Comedy could change the world for disabled people | So says Lee Ridley – aka Lost Voice Guy

Comedy could change the world for disabled people

So says Lee Ridley – aka Lost Voice Guy

This country has a very weird relationship with disabled people. We are either seen as 'superhuman' or as some sort of burden on society. There just isn't any middle ground at all. We are encouraged to go out and become Paralympic superstars on one hand, while the other hand takes away the ability for us to live independently at all.

And I know the feeling after being disabled for 36 years. After all, I'm not one of those 'superhuman' disabled people. I'm one of the regular ones without any superpowers. In fact, the only impressive ability I do have is the fact that I can't talk during Coronation Street. That one is really a hit with the ladies.

But, as a comedian, I also have hope. I have hope that the industry that I work in can be at the forefront of changing people’s attitudes. Mainly because comedy has played that role in the past, certainly in my case at least. 

I’ve always seen the funny side of my disability, really. If I didn’t laugh about it, then I’d definitely cry! And I’ve always used that humour as a defence mechanism. If I could laugh at myself then it meant that no one else could laugh at me. It helped take some of the stigma away from being ‘different’ and also helped deal with the elephant in the room. 

So it’s perhaps unsurprising that I eventually found my voice by doing comedy. Although, it did happen by accident after a mate nagged me to give it a try. Even then, I just thought it was a bit of a laugh, a hobby that I could do in my spare time. I never expected to be doing this as a job. 

So, I didn’t start stand-up to change people’s attitudes at all. But I appreciate that when I’m up on stage that I am helping to do that, whether I like it or not. That is how powerful comedy can be at times.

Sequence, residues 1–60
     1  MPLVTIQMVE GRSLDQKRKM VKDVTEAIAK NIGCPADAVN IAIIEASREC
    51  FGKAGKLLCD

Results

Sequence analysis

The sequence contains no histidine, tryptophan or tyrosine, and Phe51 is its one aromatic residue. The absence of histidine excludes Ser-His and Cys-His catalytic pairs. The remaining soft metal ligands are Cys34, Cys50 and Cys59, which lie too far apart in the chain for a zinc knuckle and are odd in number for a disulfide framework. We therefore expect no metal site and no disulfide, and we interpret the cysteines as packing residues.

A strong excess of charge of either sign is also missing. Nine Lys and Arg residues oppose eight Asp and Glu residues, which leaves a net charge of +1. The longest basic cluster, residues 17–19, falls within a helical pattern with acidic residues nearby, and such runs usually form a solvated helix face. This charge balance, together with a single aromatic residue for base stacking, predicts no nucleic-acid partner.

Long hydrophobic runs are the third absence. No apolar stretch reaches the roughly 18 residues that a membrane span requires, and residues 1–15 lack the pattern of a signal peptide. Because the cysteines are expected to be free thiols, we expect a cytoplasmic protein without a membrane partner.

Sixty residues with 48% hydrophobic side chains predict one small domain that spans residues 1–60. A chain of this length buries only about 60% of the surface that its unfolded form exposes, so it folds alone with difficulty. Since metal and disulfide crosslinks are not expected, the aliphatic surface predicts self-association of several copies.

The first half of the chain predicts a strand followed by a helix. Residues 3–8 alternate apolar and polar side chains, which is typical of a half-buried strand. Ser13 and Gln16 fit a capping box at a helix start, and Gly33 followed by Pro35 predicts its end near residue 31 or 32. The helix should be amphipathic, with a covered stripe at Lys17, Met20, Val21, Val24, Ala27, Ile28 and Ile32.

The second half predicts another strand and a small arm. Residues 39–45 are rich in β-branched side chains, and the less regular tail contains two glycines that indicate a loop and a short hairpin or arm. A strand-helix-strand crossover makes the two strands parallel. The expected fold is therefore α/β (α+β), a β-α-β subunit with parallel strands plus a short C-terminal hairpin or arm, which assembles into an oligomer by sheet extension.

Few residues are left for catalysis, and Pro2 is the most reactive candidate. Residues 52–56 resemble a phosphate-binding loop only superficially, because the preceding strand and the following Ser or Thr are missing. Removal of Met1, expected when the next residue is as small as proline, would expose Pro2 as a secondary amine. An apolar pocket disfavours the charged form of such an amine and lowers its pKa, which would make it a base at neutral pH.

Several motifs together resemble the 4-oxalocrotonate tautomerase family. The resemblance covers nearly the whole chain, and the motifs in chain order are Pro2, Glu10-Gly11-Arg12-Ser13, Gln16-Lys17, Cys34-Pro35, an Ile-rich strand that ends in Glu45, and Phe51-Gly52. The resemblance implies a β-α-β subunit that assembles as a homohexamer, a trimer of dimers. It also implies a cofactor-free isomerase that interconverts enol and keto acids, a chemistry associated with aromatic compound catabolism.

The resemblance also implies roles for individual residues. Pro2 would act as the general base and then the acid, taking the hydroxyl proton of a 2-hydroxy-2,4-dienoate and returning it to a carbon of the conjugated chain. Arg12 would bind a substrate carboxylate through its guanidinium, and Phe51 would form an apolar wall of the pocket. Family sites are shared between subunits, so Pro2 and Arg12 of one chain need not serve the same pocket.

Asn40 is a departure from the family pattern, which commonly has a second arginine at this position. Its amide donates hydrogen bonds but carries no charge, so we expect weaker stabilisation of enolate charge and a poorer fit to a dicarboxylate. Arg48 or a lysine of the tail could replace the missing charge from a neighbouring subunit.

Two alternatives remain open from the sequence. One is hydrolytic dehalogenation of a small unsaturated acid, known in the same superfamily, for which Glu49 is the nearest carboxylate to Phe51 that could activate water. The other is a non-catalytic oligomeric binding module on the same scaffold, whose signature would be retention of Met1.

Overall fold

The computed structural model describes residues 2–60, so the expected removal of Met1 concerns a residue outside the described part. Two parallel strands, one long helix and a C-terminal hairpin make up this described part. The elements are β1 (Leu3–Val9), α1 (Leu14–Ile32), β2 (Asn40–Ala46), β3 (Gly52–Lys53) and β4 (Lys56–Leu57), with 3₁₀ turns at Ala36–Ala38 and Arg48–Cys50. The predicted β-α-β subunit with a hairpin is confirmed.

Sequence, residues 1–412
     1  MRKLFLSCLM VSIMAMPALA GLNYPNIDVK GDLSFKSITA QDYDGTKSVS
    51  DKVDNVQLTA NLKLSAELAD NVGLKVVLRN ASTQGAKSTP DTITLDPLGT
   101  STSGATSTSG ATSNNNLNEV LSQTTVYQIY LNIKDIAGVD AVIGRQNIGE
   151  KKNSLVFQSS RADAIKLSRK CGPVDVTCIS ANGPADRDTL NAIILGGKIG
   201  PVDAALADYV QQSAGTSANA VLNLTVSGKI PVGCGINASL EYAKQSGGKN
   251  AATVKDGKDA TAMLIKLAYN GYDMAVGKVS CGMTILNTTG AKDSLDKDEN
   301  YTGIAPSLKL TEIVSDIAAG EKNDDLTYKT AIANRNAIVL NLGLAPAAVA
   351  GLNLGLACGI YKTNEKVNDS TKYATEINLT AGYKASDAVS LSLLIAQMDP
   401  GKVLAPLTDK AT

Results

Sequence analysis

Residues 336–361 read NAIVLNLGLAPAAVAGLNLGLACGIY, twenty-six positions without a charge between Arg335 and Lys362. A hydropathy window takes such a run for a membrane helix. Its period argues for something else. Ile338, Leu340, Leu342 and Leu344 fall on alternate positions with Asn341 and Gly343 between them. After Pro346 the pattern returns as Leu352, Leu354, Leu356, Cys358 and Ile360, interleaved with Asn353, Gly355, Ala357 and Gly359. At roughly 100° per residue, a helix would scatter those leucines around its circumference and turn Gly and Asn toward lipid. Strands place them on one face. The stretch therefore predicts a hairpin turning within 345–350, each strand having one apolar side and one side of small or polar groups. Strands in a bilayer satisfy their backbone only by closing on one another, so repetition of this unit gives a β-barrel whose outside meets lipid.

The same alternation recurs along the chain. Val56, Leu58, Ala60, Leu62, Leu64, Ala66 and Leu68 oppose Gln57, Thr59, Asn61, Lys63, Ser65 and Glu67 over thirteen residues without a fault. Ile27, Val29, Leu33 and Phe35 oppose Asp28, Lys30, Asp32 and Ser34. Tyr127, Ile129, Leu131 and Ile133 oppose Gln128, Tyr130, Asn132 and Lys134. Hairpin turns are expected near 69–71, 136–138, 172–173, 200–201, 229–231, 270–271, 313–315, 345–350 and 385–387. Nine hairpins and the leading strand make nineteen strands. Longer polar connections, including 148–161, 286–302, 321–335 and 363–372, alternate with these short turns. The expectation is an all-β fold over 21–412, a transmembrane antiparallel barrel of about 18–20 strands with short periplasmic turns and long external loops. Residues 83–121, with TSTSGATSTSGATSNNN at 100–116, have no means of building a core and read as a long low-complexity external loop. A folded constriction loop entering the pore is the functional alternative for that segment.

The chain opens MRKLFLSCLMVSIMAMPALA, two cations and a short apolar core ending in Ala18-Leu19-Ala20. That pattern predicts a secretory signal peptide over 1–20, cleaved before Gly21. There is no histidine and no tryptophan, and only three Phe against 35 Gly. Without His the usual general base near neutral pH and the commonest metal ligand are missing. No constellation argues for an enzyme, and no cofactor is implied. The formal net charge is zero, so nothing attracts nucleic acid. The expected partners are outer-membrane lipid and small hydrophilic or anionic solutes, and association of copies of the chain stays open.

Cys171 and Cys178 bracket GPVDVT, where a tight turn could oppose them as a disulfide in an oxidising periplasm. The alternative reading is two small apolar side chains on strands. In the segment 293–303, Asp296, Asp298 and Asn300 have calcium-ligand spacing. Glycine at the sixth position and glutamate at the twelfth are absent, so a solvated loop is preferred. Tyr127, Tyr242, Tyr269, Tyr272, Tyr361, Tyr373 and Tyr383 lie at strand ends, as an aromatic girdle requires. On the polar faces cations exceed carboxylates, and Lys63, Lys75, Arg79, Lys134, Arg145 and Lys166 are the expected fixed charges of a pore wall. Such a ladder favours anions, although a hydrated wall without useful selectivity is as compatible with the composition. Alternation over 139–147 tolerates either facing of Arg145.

I’ve had first-hand experience of facing an audience who weren’t sure about the disabled bloke on stage at the start of the night. Could they laugh? Should they feel sorry for me? Where the hell was my carer?!  But by the end of the night, they had forgotten all of that and were just enjoying someone telling jokes for a living. I won’t mention the time I got asked if I was a character act after a gig… some people are beyond help. 

And that’s why I would like to see more disabled comedians booked by comedy clubs, appearing at festivals and being shown on television. Basically, more disabled people being portrayed in a positive light. I’m sick of being part of a group in society who are mostly demonised in the media (unless they can win a shiny medal, of course). That’s exactly why hate crimes against the disabled are on the rise.

The general public need to see that we’re not all just scroungers and benefits cheats, they need to see that disabled people can contribute an awful lot to society, and they need to see that we have a sense of humour just like anyone else. 

Programmes like The Last Leg on Channel 4 have paved the way but there’s still a lot that could be done. Only when we see disabled people on our stages and on our screens as much as anyone else will attitudes really change. And only then will disabled people feel fully a part of society. 

Of course, success breeds success as well. It would be nice for every disabled child to realise they have the opportunity to do whatever they like when they grow up. But they’ll only believe this if they see other people in a similar situation achieving their goals. 

The comedy scene as a whole can play a big part in this. There are some amazing disabled comedians working on the circuit. And comedy is the perfect way to tackle difficult subjects in a way that can make people both laugh AND think at the same time. At a moment when no one else seems to care, it’s time for comedy to save us yet again. 

In a nutshell, what I’m saying is I’m available for work.

Lost Voice Guy, aka Lee Ridley, has a website here.

Published: 5 Dec 2017

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